FORTRESS MONROE, Saturday, Feb. 8. A flag of truce from Craney Island, to-day, brought over several ladies, to go North. A lady passenger by the flag of truce reports that Gen. HUGER to-day informed her that he had received a dispatch from Roanoke Island, to the effect that the National forces had advanced to Roanoke Island and had been twice repulsed. The attack commenced at 7 o'clock, yesterday morning, and the fight was still going on when the latest news was received. NORFOLK, Saturday, Feb. 8. A messenger, arrived to-day from Roanoke Island, reports that four Federal steamers were off the Island last night, and a large number of vessels were twelve miles below the Island. An attack was expected at this point. Gen. WISE is in better health. MONDAY, Feb. 3 -- 4 o'clock A.M. The days of our tribulation are not yet accomplished; the spell is still upon us -- the spell of weather, I mean; and the great invading fleet of Uncle Sam still rides majestically at anchor in the breezy Sound of Pamlico, where, to all appearances, it might ride until July, if it is to wait for "settled weather." The wind has been blowing "stiff" from the Northeast for twenty-four hours, and yesterday no boats, except they were strongly manned, dared to venture away from the ship's side. Consequently there was no visiting, no orders -- except a call on the regiments of the first brigade for a morning report -- and no mail. The troops, pent up on board of their ships, improved the last Sabbath before the attack according to their individual tastes. It was rumored that the day would be observed with more than the usual solemnity, the chaplains being requested to return thanks to the Almighty for our progress thus far, and invoking His benediction upon our arms. But no such order came from "Headquarters." We have outgrown those old-fashioned notions. The prevalent idea in the management of this windy campaign seems to be fully embodied in that terse remark attributed to CROMWELL," Pray to God, but keep your powder dry," with particular emphasis on the powder. I trust it will not all end in smoke. The New-England troops excel in the musical faculty, and in every regiment from Massachusetts, Connecticut or New-Hampshire music-teachers or good singers abound, and many an otherwise tedious evening has thus been beguiled by the elevating influence of music. In this respect no regiment, perhaps, is more favored than the Massachusetts Twenty-third composed chiefly of Salem, Marblehead, Danvers and Boston men. Many of the officers were members of the best musical societies, and leaders or pillars in their church choirs at home. Could their friends have looked in upon us on board of the Highlander, during many of the boisterous nights we have been anchored in this Sound, while the storm howled without, they might have heard: -" Perhaps Dundee's wild, wra[???]bling measures rise. Or plaintive martyrs, worthy of the name, Or noble Elgin beat the heavenward flame." On board of the Huzzar, which carries the left wing of the Twenty-third, they have their full share of sweet singers, and a very excellent band of music, under the lead of HENRY C. BROWN, of Boston. In the centre of the fleet, which covers an area of some two miles of the bay, is anchored the S.R. Spaulding, the present flag-ship of Gen. BURNSIDE. From her high decks he can easily survey the entire fleet, and observe all that is going on. On the deck of one or two vessels near us are gathered quiet groups of soldiers and the sublime strains of "Old Hundred" which float across the waters, human voices mingling with the bands, testify that they are engaged in religious worship. To many of these brave and earnest men it will be, perhaps, their last Sabbath on earth. On the hurricane deck of the Admiral the officers of the Twenty-fourth Massachusetts, with a portion of their troops, whose bright bayonets gleam like polished silver in the morning sunlight, are practising their skirmish calls. Their movements are watched from neighboring vessels with much interest, and with something of amusement, while the officers and men wheel right and left by turns, fall down, rise up, practice the double-quick, deploy by fours, & c., all at the sound of the bugle. The following are the skirmish calls for the First Brigade: Quick time...........Ellen Bayne. Double quick..........Yankee Doodle. Display as skirmishers..........Girl I Left Behind Me. Retreat..........Pop Gees the Weasel. Halt..........Same as in U.S. Tactics. March by the right flank........Rail Columbia. March by the left flank..........Red, White and Blue. Commence firing..........Half Officers' Call. Cease firing..........Same at in U.S. Tactics. Lie down..........Same as in U.S. Tactics. Rise up..........Same as in U.S. Tactics Rally by fours..........Same as in U.S. Tactics. Rally by platoons..........Same as in U.S. Tactics. Rally on the reserve..........Old Dan Tucker. Rally on the battalion..........Wait for the Wagon. Copies of the above have been furnished to the troops, and the regimental bands are practicing the calls. The strong northeaster which prevails renders these efforts at drill on the contracted space of the steamer's deck somewhat difficult, and not a little unpleasant. The thermometer status at 43°, a temperature which keeps many of the men below decks, and makes fire comfortable. It is understood that orders will be issued to start in the morning. We are undoubtedly to make our first landing at Roanoke Island, carrying with us three days' provisions. As this will not reach you until long alter this event has passed, there is no longer any necessity of withholding thus much from the public. This point taken and fortified, the army and naval force will move rapidly to another place. As circumstances must in a great measure govern our movements, it would be premature to say anything further. It is even doubtful whether it is yet determined which way the army will move. To-day the sky is still overcast, the wind blows with its accustomed strength, and, as yet, there are no signs of a movement. I have risen at an early hour to scratch a few last notes, expecting that the steamer Suwanse will leave with dispatches this morning. Appearances indicate, however, that she will [???] until the fleet moves northward. LOSS OF STEAM-TUG E.H. HERBERT -- CREW SAVED. In my account of the narrow escape from ship-wreck experienced in my last trip from Fort Monroe reference was made to a steamer which sailed in company with us, but turned back after getting as far as Hatteras Shoals. This was the E.H. Herbert, of Baltimore, Capt. WM. MATHE. She was abandoned in a sinking condition the following day, Friday last, her captain and crew being rescued by Capt. SETH C. AVERY, of the schooner Wm. H. Mailler. When she reached the entrance of the slue, off Hatteras, her engine became disabled, so that the little steamer could not make half her usual speed, compelling her to put back, which she did, with the hope of reaching Cape Henry. They reached the vicinity of New-Inlet late on Friday afternoon, when just as night was about closing around them, and the vessel was going down, Capt. ARREY discovered the vessel heading toward him with her colors set Union down. It was a most providential deliverance. There was only time for the Captain of the tug to clear away his boat, and with his hitherto despairing crew, to step out of his sinking craft. A heavy squall from the northeast struck the vessels at this moment, which rendered abortive all efforts to save anything on board, and in which she soon disappeared from view and went down. The Captain and crew were brought to Hatteras Inlet, arriving safely on Saturday evening. The Captain's name is WILLIAM MATHE; Engineer, H.C. HANOOR; Pilot, GABRIEL MACOMBER, The other names I have not learned. NEGLECT TO PROVIDE PILOTS. The individual who has in charge the business of seeing to the piloting in of the strange vessels continually arriving here, is much complained of for neglecting to send out pilots when they are wanted by vessels in the offing. The Mailler lay off the bar over four hours with colors flying for a pilot, and no attention whatever was paid to the signal. As night was coming on, and as he had already experienced two gales of wind in the gulf, Capt. AREY determined to put her in. He was unacquainted, but succeeded in finding his way through the breakers and reached his anchorage in safety. The schooner R.C. Stannard. of Baltimore, was in company with the Mailler, and did not get in until Monday. He was off the bar with all his signals set for forty-eight hours. FINAL ARRANGEMENTS. Gen. BURNSIDE has been quite busy, during the last two days and nights, in completing final arrangements for his departure. These have embraced the necessary distribution of water and provisions to the fleet -- some six days' supply; the apportionment and command of the troops; programme of landing; the distribution of Lieut. FRICKER's signal corps, on which great reliance must be placed, for the transmission of information from one point to another, day and night; and the inspection of the fleet generally. The small fleet of steam-tugs, which arrived on Thursday from Fortress Monroe -- the terriers of the navy -- will be chiefly relied upon to tow the sailing transports to places of convenient landing. As I am writing this on the deck of the Spaulding, the scene presented is of the liveliest description. The wind has died to a calm, and glimmers of sunshine give hope of a bright afternoon and a pleasant morrow. On all sides, steamers, sailing transports, gunboats and naval vessels are grouped together, their decks alive with expectant troops, who are as jubilant as children just released from school at the prospect of moving away from this place, so long he theatre of their confinement, perplexity, and hopes deferred. The regimental Bands are sounding the strains of "Dixie," "Red, White and Blue," and other patriotic airs across the still waters of the sound. Among them, ringing out with clarion notes, is the shrid bugle of "JOE GREEN," of the Rhode Island fourth Regiment. All ears pause to listen, and breathless silence reigns while his magic fingers are on the keys of that silver bugle. The scene is well calculated to raise the long-depressed feelings of the poor fellows who have so heroically endured their protracted imprisonment on shipboard, in this most stormy and disagreeable part of the coast. They will fight hard for a footing upon any portions of terra firma whenever the opportunity may present itself. TIME FIXED FOR DEPARTURE. MONDAY, 3 P.M. General BURNSIDE has just announced to his officers his intention to start to-morrow, Tuesday morning. Each vessel has a ten-days' supply of water and provisions; and as everything is nearly ready as it can well be, there is no longer any known reason for delay. The sky is at present clouded over, and the wind is canting to the southeast, from which there is a light air prevailing. As the mail will be sent on board the Suwannce at once, and as I have nothing further to refer to, until we reach that long-looked-for island called Roanoke, I close my letter under the inspiring strains of "Sweet Home," from Gilmore's Band, of the Twenty-fourth Massachusetts, and hoping to send you cheering news from the old North State by the next mall. I ought not to omit mention of the valuable services which have been rendered to the entire command by Mr. WILLIAM D. HALE, of New-York, for his efforts in the distribution of the soldiers' large mall, which has arrived here during the week. Mr. HALE is a worthy son of Mr. JAMES W. HALE, late of the Journal of Commerce. E.S.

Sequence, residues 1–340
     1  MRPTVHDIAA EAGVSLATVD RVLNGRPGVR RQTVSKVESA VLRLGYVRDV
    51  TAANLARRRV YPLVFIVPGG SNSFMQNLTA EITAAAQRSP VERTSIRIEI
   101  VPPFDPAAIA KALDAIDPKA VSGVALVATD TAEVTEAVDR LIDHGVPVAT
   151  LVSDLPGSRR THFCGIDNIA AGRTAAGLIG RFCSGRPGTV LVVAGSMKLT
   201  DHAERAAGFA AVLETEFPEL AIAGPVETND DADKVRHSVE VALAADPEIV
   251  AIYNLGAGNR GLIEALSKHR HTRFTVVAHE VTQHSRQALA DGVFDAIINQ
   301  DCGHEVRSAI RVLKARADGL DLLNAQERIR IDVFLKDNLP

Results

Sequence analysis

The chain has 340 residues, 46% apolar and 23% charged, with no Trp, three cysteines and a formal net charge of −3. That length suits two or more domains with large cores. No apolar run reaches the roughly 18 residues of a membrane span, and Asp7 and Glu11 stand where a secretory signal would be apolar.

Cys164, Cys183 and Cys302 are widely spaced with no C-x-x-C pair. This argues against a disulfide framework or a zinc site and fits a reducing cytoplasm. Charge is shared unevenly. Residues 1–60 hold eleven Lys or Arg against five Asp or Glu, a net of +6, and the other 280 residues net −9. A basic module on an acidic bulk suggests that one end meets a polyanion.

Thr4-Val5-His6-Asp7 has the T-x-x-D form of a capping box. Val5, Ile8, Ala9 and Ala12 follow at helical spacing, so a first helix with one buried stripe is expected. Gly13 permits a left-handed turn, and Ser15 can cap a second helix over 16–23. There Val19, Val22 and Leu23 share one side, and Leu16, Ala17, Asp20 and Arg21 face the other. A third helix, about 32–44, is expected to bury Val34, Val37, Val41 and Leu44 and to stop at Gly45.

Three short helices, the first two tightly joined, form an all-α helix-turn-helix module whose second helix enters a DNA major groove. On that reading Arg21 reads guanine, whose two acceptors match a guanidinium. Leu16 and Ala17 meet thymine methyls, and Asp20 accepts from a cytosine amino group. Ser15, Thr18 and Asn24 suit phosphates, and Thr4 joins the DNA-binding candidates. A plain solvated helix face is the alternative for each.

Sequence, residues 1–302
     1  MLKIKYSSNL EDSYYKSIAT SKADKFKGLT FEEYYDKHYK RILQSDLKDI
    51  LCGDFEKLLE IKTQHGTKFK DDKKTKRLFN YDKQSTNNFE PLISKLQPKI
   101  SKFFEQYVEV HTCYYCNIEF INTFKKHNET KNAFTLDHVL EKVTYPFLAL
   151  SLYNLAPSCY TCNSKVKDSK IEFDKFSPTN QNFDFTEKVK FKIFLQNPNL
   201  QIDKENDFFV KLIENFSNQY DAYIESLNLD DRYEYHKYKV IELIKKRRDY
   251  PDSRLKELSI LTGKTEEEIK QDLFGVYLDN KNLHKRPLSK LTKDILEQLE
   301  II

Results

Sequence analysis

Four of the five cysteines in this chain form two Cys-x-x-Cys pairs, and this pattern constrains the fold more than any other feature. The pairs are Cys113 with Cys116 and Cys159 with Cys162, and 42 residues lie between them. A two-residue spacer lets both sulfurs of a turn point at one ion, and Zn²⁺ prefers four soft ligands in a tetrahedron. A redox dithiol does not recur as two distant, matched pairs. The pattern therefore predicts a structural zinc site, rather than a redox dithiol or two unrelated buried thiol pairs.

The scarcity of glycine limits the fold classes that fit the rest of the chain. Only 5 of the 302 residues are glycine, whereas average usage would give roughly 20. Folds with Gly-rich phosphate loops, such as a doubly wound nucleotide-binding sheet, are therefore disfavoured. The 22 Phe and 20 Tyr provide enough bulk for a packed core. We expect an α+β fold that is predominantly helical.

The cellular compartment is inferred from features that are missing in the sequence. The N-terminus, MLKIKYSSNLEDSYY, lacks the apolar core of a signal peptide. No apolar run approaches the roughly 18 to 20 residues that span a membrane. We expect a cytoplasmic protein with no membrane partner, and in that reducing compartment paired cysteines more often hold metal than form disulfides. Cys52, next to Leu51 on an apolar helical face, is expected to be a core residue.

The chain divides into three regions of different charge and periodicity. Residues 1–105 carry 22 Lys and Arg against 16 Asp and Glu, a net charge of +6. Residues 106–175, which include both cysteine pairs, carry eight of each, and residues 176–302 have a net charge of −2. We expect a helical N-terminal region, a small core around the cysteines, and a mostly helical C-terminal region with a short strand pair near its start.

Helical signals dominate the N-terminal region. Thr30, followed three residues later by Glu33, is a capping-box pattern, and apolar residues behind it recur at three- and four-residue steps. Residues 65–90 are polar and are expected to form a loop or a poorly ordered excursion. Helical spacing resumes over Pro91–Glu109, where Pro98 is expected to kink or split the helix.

bottom of page